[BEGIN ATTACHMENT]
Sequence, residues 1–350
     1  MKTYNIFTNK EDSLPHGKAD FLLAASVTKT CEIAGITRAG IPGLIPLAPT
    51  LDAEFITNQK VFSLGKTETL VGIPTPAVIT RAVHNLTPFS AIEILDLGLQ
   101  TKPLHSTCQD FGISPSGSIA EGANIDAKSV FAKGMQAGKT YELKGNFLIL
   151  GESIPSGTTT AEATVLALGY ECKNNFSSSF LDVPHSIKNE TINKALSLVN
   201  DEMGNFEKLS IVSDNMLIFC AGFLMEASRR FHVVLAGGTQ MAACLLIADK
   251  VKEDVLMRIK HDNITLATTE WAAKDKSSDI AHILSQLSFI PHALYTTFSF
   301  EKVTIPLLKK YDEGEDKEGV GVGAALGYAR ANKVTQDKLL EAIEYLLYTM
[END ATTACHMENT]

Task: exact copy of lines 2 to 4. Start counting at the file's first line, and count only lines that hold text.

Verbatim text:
     1  MKTYNIFTNK EDSLPHGKAD FLLAASVTKT CEIAGITRAG IPGLIPLAPT
    51  LDAEFITNQK VFSLGKTETL VGIPTPAVIT RAVHNLTPFS AIEILDLGLQ
   101  TKPLHSTCQD FGISPSGSIA EGANIDAKSV FAKGMQAGKT YELKGNFLIL